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Wednesday, 25 October 2006 00:00

Swain challengers question spending

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All five seats on the Swain County Board of Commissioners are up for election this year. The winners will serve for four years.

 

The county board will have at least two new faces. One of the sitting commissioners was ousted in the May primary, and one isn’t seeking re-election. With two of the seats facing no competition from incumbents, it’s more difficult than normal for political observers to predict the potential outcome.

The race for chairman of the county commissioners — elected separately from the four commissioner seats — is attracting lots of attention. Both candidates have served in the seat before and have name recognition as county leaders. Glenn Jones has been chairman since 2002 and is running for re-election. Jim Douthit was chairman for four years before Jones, but chose not to seek re-election in 2002 due to a promotion at work that required more of his time. Now the two are squaring off against one another.


Swain County commissioner chairman: two candidates running for one seat

Glenn Jones, 66, Democrat. Retired A&P grocery manager

Jones said he wants to continue with the progress of the last four years. Under Jones’ leadership, the current board of county commissioners has pursued numerous improvements and initiatives that have equipped the county to provide better services to residents in the 21st century.

“These were things that needed to be done and we tackled it as a board,” Jones said. “We are in charge of running the county and these are things we thought needed to be done so we just stepped up to the plate and did what we needed to do.”

Here are some of the accomplishments of Jones’ first term.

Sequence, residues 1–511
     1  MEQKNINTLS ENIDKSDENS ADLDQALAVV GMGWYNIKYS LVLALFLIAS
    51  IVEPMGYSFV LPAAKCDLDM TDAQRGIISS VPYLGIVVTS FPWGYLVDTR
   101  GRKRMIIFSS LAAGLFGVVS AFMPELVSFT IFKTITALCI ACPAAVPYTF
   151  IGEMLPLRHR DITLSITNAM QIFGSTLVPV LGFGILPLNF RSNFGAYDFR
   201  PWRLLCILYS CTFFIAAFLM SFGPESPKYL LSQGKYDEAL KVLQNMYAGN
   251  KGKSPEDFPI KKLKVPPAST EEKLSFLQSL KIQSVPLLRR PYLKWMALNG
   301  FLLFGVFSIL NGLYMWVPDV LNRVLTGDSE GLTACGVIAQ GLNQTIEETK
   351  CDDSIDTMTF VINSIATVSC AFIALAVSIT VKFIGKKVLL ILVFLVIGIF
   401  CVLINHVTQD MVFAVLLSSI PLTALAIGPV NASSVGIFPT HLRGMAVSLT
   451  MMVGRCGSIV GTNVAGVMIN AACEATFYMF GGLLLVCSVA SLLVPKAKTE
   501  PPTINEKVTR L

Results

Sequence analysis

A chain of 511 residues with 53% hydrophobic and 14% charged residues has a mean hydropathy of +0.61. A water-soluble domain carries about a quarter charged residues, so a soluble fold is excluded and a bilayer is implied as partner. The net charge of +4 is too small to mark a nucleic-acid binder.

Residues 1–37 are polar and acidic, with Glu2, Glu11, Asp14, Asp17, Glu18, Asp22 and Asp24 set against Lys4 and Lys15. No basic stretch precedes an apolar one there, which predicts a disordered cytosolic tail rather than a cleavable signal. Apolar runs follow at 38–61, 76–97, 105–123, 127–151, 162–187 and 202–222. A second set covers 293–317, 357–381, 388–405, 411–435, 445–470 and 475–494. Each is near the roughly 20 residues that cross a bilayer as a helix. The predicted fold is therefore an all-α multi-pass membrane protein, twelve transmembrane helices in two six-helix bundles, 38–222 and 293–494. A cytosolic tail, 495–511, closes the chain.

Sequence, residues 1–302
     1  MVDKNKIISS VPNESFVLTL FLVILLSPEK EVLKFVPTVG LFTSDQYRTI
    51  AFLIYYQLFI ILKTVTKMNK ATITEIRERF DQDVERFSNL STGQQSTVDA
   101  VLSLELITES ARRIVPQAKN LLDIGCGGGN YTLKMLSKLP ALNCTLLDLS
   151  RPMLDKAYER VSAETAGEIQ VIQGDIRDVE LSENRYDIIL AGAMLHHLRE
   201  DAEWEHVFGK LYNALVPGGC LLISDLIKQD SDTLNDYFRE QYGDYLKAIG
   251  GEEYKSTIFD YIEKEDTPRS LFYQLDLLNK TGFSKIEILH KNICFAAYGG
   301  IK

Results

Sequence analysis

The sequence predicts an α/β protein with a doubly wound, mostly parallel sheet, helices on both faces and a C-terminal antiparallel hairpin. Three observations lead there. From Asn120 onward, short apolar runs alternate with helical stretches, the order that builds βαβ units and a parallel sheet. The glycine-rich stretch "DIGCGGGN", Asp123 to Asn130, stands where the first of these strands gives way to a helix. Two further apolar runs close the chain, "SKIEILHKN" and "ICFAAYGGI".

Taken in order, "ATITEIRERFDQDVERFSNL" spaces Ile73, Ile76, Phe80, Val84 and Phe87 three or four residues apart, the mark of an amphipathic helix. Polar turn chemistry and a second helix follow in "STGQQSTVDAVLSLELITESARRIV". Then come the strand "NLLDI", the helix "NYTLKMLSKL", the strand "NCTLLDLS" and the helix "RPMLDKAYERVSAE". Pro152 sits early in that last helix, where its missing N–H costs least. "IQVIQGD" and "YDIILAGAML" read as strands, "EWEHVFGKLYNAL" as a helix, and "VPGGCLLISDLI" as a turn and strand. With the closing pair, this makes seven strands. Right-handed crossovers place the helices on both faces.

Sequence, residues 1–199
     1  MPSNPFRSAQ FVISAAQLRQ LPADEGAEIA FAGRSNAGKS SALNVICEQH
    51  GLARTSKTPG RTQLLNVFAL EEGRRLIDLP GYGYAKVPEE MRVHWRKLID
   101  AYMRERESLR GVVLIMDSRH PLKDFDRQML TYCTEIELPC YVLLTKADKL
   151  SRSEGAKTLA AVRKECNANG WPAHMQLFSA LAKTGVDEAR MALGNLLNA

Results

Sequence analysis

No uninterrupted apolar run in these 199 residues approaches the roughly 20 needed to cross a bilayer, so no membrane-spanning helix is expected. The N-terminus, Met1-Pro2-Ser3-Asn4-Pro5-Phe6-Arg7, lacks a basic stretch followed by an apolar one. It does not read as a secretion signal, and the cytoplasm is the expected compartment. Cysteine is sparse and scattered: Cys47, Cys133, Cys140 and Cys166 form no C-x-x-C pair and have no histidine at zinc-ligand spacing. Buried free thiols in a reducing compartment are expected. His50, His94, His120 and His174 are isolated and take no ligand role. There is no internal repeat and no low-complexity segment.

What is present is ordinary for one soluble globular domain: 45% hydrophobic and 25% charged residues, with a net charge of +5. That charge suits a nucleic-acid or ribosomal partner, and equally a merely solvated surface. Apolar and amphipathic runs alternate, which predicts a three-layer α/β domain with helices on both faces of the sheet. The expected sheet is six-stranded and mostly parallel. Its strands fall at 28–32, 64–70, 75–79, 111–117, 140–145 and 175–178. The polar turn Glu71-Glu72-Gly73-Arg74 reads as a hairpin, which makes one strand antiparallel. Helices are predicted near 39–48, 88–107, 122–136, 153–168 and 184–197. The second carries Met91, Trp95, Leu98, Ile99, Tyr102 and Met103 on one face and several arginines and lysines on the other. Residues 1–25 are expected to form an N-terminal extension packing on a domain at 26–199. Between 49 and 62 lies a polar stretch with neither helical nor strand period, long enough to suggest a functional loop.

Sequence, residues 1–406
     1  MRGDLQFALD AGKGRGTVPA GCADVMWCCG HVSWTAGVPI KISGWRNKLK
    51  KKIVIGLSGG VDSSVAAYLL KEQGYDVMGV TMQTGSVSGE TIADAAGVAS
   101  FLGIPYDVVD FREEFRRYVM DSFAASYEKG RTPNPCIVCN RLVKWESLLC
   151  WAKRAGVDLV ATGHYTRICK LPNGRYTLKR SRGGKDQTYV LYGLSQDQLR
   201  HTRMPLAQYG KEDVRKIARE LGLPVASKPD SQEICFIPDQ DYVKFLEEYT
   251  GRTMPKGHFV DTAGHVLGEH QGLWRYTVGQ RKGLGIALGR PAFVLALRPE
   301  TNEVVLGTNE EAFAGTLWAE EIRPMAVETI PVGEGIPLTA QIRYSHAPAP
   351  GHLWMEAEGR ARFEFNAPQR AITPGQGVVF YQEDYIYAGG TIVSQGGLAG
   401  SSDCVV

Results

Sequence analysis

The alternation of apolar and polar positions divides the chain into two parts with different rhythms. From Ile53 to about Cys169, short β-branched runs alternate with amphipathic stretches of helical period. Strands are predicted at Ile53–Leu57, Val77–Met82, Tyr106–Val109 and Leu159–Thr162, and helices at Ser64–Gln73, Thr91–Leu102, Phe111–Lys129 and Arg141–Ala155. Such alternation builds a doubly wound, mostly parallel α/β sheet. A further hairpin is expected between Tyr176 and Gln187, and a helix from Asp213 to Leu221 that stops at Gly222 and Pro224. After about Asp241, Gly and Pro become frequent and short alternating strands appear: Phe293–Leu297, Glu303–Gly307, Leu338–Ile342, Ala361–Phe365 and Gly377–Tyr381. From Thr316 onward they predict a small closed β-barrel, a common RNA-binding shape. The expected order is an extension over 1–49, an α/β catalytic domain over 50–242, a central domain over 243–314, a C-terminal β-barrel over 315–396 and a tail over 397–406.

• New building and offices for the Department of Social Services. The county got a deal on the old Smoky Mountain Mental Health building.

• New building and offices for the Health Department. The county relocated the health department to a building next door to Swain County Hospital.

• New EMS building. The county built a new headquarters for emergency management services.

• New recycling center that has proven to be a model facility. “People come from all over the state looking at the recycling center to model it after us.” In addition, the parking lot where trash is dumped was paved so people don’t get their shoes messy when dropping off trash.

• The county switched the way it handles trash. Instead of using a landfill locally, trash is shipped to Georgia, which cut costs nearly in half.

• Bought land for a new jail and sheriff’s office. Construction is under way to replace the dilapidated jail. The county got a low-interest 40-year federal loan. The new facility will also include 911 dispatch services.

• Bought land for a new senior citizens center building. It will be moved out of its current location in the historic courthouse, which is not easily accessible.

• Bought land for the school system. It will be used for a new middle school and the existing middle school will be turned into a new elementary school.

• Repaired the swimming pool.

• Numerous recreation improvements, such as a new playground, new soccer fields, new lights on the girls softball field, concession stand at the girls softball field. The girl’s softball field can now host state tournaments, which is an economic benefit to the county.

• Raised salaries for county employees.

• Facilitated economic development incentives for Consolidated Metco, which led to the addition to 150 jobs in the county.

• Added a four-acre site to the industrial park with broadband Internet access currently being marketed to recruit new business to locate to Swain County.

While Jones’ challenger is questioning county spending, Jones said the projects were overdue.

“When we took over we had buildings that were leaking. There had been no work done on the pool in 20 years. There had been no work done on the playground in 20 years.” And the jail was in danger of being condemned it was in such disrepair. Many of the projects were aided by grants.

“I think most people would like to see us continue with the progress we have been making,” Jones said.

In the annual independent audit three months ago, the auditor commended the board of commissioners on the best report the county ever had and saw no issues with the county’s debt load. In addition, the county has the fourth lowest tax rate in the state of North Carolina, running counter to claims by Republican challengers criticizing county spending and the tax rate.


Jim Douthit, 56, Republican. Utility line designer with Duke Energy